You have to have a long memory or be a keen student of market history to remember that index strategies were once considered a radical idea. When the concept of indexing was first introduced in 1971, not only was index construction complicated, but the idea that investors would ‘settle’ for market returns instead of trying to pick a portfolio of winners seemed unlikely to catch on.
As it turned out, settling for market returns might have been a good idea during much of the 401(k) era, the nearly four decades since the 401(k) entered the tax code in 1978. Despite some notable bear markets, average equity returns were strong, and steadily declining interest rates drove historic bond market returns. As index funds became increasingly efficient and active alpha became harder to find, index strategies became an easy choice for plan sponsors to consider for defined contribution (DC) plans.
But, is index still the right choice? In a sense, the obvious answer is yes. Index remains an important tool for building investment menus. But markets, information and demographics have changed. Today, we are confronted with an aging population that’s also living longer. At the same time, long-term yields remain low and industry projections forecast an extended period of weaker market returns. Simply put, the challenges of retirement investing are changing.NEXT: The next evolution of DC plans may be here
Fortunately, investment management has continued to evolve as the markets have grown more complicated. Today’s data technology gives asset managers greater transparency and insight into market drivers—commonly referred to as factors. What’s more, asset managers now have a greater ability to isolate factors and create efficient exposures designed to meet specific objectives.
One form of factor investing may be of particular interest to DC plan sponsors: smart beta. Smart beta may be described as a method for potentially generating outperformance at a lower cost than traditional active management—and that is certainly an appealing consideration for many plan sponsors. At the same time, smart beta is index-based, long-only, and process-driven. Depending on their construction methodology, smart beta indexes may look very much like the cap-weighted indexes they are derived from in terms of sector diversification.
The difference is that cap-weighted indexes are designed to capture the market, while smart beta strategies are designed to capture specific currents within the market. Smart beta strategies can be used as an index replacement but tilted in ways that may reinforce the plan’s objective. Diversified multifactor strategies, for example, seek outperformance at the same risk level as the overall market by tilting toward momentum, size effect, value and quality factors. Minimum volatility strategies, on the other hand, seek to match market returns with less risk—which may be of interest to older participants and retirees who still seek growth but are sensitive to market volatility.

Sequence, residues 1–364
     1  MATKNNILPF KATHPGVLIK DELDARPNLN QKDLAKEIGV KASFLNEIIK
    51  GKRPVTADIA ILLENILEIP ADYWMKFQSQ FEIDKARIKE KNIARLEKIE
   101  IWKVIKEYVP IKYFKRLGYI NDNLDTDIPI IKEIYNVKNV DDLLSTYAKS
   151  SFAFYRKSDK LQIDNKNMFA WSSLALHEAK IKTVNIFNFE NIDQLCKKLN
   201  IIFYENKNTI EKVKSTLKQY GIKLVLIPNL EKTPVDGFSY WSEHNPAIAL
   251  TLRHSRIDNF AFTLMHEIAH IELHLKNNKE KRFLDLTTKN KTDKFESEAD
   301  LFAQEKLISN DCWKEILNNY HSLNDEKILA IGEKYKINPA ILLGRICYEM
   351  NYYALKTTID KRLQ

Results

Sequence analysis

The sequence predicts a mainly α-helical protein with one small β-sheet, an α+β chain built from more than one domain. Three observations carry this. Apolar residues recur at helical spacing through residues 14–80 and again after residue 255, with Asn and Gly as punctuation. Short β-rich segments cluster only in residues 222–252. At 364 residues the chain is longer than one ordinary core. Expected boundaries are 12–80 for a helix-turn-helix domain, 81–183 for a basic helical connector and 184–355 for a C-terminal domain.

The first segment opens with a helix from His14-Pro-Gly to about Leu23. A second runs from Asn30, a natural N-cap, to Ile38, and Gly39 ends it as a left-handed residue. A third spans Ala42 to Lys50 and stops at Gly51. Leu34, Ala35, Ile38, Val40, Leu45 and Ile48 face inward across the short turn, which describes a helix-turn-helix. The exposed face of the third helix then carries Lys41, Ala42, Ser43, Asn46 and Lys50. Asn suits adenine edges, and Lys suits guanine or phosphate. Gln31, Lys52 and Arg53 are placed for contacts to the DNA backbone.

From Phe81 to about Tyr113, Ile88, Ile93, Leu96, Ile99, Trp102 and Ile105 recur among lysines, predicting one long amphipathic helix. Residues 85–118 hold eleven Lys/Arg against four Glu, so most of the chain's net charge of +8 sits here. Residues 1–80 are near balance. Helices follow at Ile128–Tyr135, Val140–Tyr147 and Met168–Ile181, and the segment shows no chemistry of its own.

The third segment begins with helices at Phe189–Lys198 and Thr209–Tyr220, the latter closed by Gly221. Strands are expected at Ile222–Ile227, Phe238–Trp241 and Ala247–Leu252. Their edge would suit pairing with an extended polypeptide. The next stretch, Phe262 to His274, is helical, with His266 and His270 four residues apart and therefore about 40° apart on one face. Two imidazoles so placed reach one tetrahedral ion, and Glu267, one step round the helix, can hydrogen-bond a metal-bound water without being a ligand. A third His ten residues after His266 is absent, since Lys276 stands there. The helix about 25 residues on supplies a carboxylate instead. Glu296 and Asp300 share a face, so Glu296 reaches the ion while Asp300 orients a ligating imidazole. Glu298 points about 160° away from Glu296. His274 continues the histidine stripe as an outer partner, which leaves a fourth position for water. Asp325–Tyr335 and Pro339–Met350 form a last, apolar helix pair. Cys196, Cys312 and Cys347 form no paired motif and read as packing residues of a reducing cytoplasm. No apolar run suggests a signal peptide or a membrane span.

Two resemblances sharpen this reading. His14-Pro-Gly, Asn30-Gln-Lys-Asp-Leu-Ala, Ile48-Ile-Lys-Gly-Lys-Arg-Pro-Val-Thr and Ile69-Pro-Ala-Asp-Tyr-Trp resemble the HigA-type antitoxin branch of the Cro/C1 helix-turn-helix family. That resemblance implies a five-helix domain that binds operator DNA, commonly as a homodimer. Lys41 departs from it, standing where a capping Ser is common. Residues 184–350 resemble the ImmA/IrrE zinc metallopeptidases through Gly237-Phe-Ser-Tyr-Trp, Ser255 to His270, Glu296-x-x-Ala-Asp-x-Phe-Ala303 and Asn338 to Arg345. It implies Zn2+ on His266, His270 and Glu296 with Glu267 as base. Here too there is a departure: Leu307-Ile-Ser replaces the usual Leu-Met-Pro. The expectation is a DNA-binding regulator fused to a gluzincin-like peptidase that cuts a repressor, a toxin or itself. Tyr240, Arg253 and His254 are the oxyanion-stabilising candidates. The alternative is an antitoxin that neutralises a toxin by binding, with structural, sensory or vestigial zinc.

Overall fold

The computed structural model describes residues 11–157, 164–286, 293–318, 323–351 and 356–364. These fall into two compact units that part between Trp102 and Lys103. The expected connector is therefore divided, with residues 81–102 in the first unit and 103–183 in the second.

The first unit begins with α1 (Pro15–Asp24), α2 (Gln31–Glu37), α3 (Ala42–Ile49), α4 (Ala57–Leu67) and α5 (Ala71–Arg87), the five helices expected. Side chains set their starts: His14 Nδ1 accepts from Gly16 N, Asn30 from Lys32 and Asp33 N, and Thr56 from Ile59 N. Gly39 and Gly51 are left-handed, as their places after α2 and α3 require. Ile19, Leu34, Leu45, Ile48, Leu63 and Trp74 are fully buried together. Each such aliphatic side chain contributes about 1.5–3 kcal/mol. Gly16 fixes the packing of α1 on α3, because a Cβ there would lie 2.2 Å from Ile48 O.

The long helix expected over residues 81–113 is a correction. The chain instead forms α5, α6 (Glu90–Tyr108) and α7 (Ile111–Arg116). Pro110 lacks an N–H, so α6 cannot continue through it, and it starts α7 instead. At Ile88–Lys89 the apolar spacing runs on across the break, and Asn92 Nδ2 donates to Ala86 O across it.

The flexibility of smart beta strategies can be seen through their potential use within a target-date fund. For example, they can be incorporated into the early portion of the fund’s glidepath with the goal of reinforcing growth for younger participants. Later in its glidepath, as participants approach retirement age, other smart beta strategies can be substituted for the cap weighted index to potentially reduce volatility. This, we believe, demonstrates the flexibility of smart beta strategies: They are not only a potential source of outperformance, but are also an enhanced approach to traditional indexing.NEXT: How to adopt smart beta in DC plans
I believe that smart beta will follow a similar trajectory to indexing—it will go from being a seemingly radical idea to becoming a mainstay of retirement portfolios. The ground work for this evolution has already been laid: BlackRock’s 2017 DC Pulse Survey found that for 51% of plan sponsors, smart beta is on their radar. More interestingly, of these plan sponsors:
- 75% agree that smart beta strategies could serve as a potential replacement for a cap-weighted index;
- 86% see smart beta as an alternative to traditional active management; and
- 81% believe it’s appropriate to offer smart beta as part of a multi-asset class solution, such as a target-date fund.
The factor insights behind smart beta are not new. What is new however, is the ability to efficiently implement factors through smart beta strategies. I’m optimistic that as more plan sponsors examine smart beta and how various smart beta strategies are implemented, the more the retirement industry will come to see that smart beta can play an important role in delivering better retirement outcomes for clients.
By Anne Ackerley, head of BlackRock's US & Canada Defined Contribution Group
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